Almost all species on earth need sleep to function optimally, and we humans are no exception. But, how much sleep do we really need to function best? This question has been the subject of considerable debate over a few decades now. Some research even suggests nighttime sleep in humans used to happen in 2 chunks, that is, people used to sleep for 4 hours, wake up for a couple of hours to do active or passive activities, and then return to sleep for another 4 hours. This pattern of sleep, however, began to change in the 17th century—Stephanie Hegarty nicely describes this in this BBC report.
Why is it that in our current society sleeping anything more than 5 hours per night is considered a luxury? Long work hours in jobs requiring little or no physical strain, higher computer/television/smartphone use, lower physical activity levels, stress of related to work and family responsibilities, as well as an active social life are partly to blame.1–3 Poor diet is another obvious factor, but genetics is not.
So for adults at least, the American Academy of Sleep Medicine and Sleep Research Society recently developed a recommendation of at least 7 hours of sleep per night on a regular basis for optimal health.4 Also recently, the National Sleep Foundation lowered its recommendations for adults to include 6 hours of sleep as ‘may be appropriate’. This is clear evidence that the sleep experts cannot agree still; and, it sends mixed messages to the public.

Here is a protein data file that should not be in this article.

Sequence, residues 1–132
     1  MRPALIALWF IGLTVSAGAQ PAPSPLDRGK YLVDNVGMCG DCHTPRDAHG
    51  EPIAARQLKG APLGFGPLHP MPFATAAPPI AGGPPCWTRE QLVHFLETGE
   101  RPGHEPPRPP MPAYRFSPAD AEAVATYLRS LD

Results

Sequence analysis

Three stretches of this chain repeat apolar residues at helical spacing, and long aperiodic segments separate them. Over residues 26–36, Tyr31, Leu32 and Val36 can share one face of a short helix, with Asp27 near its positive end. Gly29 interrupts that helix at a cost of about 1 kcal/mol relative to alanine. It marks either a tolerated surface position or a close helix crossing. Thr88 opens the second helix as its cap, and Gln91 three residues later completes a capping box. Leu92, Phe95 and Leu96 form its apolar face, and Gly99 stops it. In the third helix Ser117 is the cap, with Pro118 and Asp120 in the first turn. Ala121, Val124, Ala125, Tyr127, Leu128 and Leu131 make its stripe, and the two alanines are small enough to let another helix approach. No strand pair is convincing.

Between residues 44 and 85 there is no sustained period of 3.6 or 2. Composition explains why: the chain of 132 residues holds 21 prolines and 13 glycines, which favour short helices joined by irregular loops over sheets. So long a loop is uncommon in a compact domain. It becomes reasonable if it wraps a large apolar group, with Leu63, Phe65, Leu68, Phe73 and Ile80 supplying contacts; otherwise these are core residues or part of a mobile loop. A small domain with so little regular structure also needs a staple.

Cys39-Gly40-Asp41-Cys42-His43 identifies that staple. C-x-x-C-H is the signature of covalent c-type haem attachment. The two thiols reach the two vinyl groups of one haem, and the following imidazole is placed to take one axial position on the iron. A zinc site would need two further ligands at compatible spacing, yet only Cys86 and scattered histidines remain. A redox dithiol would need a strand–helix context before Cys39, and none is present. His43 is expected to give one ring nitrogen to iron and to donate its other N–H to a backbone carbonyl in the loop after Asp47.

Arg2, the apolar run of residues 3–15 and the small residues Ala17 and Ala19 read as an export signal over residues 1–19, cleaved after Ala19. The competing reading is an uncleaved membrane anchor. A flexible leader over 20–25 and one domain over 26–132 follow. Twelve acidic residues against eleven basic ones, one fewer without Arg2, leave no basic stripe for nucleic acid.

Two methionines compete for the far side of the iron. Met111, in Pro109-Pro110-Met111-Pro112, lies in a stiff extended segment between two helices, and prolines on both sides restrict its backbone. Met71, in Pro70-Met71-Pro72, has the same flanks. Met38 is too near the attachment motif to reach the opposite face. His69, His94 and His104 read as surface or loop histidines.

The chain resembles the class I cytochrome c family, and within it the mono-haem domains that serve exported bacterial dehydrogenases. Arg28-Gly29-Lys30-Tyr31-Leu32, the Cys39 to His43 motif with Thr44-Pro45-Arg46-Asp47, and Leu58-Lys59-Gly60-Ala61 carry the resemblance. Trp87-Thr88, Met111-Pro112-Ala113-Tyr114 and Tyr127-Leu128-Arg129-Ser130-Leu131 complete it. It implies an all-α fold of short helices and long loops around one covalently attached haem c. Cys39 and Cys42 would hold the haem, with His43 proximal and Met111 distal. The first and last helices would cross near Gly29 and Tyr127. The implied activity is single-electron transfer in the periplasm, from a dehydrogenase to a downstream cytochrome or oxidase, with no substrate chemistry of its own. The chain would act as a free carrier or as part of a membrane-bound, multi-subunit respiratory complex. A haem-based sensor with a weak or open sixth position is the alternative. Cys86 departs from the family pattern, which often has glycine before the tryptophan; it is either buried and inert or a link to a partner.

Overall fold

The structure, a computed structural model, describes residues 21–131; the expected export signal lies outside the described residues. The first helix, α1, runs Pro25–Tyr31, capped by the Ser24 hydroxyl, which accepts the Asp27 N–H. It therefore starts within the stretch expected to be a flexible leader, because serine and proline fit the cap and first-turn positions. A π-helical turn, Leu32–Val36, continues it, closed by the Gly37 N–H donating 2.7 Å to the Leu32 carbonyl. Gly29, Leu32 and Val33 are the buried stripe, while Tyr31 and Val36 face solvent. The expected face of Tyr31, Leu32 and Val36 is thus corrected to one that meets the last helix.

A positive note is, however, the US Center for Disease Control and Prevention now recognizes short sleep as a public health epidemic,5 Therefore, more public health promotion activities to improve sleep duration are likely. In fact, one of the goals of the National Healthy Sleep Awareness Project is to increase the number of adults getting sufficient sleep by 20204 because sleep duration in adults has been decreasing. A typical adult in the US slept about 2 hours more in the 1960’s than in 2002.6 Compared to the 1980’s, twice as many adults are sleeping 6 hours or less per night7 (that is, one in 3 adults are sleeping 6 hours or less per night8). This is really concerning because we know that inadequate sleep, i.e., sleeping less than 7 hours per night on a regular basis,4 is compromises our physical, emotional, and cognitive well-being.9-11